If y=\arctan(\frac{2x−1}{1+x−x^2}), then \frac{dy}{dx} at x=1 is equal to? I have

stropa0u 2022-01-24 Answered
If y=arctan(2x11+xx2), then dydx at x=1 is equal to?
I have tried 2 different approaches, both yielding different results and both results are present in the options. Am I doing something wrong or why is this happening?
You can still ask an expert for help

Expert Community at Your Service

  • Live experts 24/7
  • Questions are typically answered in as fast as 30 minutes
  • Personalized clear answers
Learn more

Solve your problem for the price of one coffee

  • Available 24/7
  • Math expert for every subject
  • Pay only if we can solve it
Ask Question

Expert Answer

bekiffen32
Answered 2022-01-25 Author has 8 answers
In the derivative of
y=arctan(x)arctan(1x)+kπ
dydx=11+x2(11+(1x)2)
which is the same as in the second approach.
Also note that the inverse tangent is an odd function, so that arctan(1x)=arctan(x1), so that there is no structural difference between the two approaches
Not exactly what you’re looking for?
Ask My Question
Fallbasisz8
Answered 2022-01-26 Author has 9 answers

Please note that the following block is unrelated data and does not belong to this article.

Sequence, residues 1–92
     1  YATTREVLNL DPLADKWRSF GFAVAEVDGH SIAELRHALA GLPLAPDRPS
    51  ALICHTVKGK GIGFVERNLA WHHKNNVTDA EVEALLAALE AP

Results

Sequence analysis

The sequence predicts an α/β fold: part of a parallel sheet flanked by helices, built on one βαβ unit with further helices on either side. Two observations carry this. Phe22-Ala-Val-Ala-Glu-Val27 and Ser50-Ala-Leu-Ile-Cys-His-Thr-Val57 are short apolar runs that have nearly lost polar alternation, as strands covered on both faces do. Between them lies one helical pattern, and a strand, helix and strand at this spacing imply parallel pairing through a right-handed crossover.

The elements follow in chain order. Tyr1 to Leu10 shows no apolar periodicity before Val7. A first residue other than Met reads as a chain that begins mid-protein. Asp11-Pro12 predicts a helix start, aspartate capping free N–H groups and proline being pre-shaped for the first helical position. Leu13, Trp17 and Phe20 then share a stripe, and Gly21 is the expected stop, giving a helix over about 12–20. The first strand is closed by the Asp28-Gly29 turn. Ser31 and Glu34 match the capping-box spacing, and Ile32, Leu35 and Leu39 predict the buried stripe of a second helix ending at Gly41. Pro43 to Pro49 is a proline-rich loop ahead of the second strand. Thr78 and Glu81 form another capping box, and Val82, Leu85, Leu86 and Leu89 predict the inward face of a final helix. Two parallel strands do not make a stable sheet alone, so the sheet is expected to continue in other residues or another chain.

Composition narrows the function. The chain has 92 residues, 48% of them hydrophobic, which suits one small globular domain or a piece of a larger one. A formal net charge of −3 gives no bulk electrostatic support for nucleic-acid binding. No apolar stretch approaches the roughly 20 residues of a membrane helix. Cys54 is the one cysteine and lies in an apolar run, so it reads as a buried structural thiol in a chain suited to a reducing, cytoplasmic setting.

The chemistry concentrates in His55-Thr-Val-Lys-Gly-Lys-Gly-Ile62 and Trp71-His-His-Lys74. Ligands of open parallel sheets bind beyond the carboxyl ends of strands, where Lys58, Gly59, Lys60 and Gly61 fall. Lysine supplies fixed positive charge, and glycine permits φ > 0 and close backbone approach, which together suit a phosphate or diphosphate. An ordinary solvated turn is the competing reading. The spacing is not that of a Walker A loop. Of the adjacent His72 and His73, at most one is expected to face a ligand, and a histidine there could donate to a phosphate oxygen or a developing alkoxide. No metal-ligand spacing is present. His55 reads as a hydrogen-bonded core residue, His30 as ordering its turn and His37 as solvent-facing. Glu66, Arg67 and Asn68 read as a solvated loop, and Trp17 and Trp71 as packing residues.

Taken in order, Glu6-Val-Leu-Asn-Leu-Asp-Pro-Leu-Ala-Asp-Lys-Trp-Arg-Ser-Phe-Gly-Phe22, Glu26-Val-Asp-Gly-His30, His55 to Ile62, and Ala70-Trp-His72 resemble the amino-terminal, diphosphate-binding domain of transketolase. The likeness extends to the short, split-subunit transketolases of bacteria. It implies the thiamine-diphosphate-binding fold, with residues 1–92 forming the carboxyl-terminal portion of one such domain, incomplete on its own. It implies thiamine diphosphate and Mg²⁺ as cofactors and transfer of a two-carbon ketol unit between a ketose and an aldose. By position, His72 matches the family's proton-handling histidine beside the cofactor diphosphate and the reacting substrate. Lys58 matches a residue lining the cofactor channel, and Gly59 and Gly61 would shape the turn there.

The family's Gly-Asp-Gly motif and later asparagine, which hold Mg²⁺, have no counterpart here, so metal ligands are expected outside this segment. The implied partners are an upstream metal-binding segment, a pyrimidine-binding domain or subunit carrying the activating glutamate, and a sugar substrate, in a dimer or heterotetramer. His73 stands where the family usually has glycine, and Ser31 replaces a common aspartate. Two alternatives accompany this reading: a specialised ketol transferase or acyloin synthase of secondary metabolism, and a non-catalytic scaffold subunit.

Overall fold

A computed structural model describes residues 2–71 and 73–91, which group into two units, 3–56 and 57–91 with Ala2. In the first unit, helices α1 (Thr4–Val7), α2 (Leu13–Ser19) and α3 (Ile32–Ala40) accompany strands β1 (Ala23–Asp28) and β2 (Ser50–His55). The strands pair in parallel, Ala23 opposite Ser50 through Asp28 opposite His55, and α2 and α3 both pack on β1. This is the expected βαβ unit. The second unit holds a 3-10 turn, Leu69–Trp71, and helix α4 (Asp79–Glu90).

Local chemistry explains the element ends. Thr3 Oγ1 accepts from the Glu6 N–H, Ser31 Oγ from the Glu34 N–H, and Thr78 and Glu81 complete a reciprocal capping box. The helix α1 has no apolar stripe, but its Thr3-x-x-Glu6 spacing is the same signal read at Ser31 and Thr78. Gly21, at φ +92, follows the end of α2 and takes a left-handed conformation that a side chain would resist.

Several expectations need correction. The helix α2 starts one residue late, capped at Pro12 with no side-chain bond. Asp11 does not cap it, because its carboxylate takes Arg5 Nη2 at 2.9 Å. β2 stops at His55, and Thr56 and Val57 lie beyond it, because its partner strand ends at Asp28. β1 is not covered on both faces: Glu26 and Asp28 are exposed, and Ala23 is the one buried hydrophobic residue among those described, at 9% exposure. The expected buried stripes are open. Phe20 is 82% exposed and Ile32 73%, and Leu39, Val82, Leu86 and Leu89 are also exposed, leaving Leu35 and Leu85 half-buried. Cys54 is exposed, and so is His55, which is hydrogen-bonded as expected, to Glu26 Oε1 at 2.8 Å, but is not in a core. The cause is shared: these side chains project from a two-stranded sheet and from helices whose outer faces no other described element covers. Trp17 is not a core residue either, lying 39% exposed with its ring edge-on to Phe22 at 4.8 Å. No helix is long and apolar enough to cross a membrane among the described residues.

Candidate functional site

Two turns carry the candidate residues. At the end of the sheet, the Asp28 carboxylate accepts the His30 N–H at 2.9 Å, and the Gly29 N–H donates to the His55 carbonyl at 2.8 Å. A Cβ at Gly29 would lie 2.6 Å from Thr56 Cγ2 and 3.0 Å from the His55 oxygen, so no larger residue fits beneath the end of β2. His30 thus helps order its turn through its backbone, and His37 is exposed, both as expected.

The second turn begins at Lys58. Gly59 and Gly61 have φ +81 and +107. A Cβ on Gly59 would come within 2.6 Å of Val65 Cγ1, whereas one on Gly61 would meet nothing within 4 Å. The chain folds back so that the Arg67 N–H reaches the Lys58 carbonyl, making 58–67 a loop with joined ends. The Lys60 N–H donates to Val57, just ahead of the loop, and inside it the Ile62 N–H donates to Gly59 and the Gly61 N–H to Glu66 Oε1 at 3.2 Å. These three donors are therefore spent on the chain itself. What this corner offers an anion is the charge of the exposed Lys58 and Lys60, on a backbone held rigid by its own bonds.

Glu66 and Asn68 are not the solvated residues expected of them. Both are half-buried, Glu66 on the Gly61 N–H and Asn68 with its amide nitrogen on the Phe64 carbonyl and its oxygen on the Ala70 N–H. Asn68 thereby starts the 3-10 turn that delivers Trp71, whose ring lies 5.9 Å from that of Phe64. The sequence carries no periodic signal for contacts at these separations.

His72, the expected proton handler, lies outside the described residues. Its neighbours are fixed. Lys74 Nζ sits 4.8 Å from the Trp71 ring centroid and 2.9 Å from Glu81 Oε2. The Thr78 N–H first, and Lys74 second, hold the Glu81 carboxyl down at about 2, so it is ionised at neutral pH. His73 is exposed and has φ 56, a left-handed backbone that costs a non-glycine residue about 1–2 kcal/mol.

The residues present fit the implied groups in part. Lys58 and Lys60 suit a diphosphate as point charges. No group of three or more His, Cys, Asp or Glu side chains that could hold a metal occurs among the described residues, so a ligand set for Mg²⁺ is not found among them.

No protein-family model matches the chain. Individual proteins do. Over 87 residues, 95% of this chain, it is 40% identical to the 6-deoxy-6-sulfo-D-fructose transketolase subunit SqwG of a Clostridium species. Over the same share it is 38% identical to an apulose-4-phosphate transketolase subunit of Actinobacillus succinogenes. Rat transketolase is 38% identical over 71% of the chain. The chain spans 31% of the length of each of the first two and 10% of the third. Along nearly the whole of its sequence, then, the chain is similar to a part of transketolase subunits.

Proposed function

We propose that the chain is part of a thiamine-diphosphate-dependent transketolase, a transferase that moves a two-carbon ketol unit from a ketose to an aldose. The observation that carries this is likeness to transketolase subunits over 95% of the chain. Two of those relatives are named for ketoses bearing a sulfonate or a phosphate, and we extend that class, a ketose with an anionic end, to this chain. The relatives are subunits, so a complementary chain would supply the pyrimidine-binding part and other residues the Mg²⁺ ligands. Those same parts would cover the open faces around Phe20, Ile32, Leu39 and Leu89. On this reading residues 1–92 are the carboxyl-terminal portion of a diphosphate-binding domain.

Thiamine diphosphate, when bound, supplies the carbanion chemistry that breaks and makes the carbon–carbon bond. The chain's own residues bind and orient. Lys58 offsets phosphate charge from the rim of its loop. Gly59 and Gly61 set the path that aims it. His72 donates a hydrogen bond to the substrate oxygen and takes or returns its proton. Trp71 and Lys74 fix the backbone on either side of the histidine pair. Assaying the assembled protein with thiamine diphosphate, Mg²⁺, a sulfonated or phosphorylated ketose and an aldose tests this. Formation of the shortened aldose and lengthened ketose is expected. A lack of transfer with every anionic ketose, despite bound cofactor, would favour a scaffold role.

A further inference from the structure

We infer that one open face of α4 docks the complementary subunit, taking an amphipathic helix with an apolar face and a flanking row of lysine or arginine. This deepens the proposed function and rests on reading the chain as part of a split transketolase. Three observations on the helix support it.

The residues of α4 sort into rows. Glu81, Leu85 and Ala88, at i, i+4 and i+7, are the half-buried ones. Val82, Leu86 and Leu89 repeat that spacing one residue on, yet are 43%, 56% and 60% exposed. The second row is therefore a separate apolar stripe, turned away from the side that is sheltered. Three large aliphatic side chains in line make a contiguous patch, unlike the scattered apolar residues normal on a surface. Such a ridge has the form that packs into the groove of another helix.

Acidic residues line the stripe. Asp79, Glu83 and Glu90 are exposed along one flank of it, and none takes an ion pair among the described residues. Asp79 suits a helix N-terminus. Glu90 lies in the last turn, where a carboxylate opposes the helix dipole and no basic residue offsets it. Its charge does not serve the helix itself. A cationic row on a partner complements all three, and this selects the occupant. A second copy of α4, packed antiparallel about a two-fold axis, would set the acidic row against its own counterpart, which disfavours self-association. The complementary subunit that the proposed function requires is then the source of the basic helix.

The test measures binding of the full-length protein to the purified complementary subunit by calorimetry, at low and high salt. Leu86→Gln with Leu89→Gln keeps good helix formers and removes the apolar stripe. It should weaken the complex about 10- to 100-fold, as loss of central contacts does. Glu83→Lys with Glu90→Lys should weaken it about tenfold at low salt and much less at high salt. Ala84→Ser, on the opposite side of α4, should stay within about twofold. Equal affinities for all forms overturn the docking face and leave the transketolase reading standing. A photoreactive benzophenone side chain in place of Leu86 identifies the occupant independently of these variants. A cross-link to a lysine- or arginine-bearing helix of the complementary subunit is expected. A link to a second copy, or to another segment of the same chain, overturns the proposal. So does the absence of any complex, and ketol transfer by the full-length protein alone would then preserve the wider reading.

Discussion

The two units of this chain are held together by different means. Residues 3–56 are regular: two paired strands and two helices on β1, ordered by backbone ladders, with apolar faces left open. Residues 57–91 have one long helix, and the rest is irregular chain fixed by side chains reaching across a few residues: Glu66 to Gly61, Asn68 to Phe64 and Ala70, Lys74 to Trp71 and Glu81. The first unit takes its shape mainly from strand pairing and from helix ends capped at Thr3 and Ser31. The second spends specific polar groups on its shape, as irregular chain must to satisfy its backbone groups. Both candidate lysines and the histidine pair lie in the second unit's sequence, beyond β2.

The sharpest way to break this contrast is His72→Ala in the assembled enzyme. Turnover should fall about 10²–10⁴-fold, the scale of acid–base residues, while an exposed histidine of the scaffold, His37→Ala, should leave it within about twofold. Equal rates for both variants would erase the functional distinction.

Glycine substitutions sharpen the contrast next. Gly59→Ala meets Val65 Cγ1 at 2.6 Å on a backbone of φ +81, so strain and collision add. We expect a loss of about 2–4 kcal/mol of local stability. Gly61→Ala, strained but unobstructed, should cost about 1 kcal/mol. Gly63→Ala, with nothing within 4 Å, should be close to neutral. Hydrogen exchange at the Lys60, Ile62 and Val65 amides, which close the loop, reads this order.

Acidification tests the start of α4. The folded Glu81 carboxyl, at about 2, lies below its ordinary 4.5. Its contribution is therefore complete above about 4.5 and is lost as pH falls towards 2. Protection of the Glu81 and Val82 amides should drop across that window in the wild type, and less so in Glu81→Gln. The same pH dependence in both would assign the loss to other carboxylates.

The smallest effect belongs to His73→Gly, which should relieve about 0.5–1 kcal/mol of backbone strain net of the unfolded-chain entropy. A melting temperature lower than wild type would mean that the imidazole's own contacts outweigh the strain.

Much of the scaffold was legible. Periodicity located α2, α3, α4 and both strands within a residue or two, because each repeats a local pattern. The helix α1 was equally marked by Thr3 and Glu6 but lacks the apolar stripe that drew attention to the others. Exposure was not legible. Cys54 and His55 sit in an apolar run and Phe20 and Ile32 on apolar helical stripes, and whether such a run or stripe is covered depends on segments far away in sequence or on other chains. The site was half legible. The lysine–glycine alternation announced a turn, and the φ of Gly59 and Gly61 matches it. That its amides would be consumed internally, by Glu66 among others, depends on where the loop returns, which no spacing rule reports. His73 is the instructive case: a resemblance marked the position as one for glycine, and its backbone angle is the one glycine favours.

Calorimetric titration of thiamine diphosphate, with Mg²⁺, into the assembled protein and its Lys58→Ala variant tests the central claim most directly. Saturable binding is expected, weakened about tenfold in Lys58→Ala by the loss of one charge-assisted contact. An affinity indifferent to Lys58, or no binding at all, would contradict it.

A computationally simpler method of directly calculating the derivative at x=1 is to write
tany=2x11+xx2
so that
logtany=log(2x1)log(1+xx2)
Then implicit differentiation yields
sec2ytanydydx=22x112x1+xx2
Since, when x=1, we have tany=211+11=1, it follows from the trigonometric identity sec2y=1+tan2y  that  sec2y=1+12=2; therefore
2[dydx]x=1=221121+11=3
hence the answer is 3/2. Note this solution uses two tactics; logarithmic differentiation and implicit differentiation, to make the calculation extremely simple.
Not exactly what you’re looking for?
Ask My Question

Expert Community at Your Service

  • Live experts 24/7
  • Questions are typically answered in as fast as 30 minutes
  • Personalized clear answers
Learn more